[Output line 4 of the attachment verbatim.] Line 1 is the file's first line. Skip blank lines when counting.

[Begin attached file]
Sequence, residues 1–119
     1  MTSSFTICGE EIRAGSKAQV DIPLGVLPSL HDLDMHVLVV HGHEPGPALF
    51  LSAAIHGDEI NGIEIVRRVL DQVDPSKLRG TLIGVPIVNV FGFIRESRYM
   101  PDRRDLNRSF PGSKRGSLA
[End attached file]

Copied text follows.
   101  PDRRDLNRSF PGSKRGSLA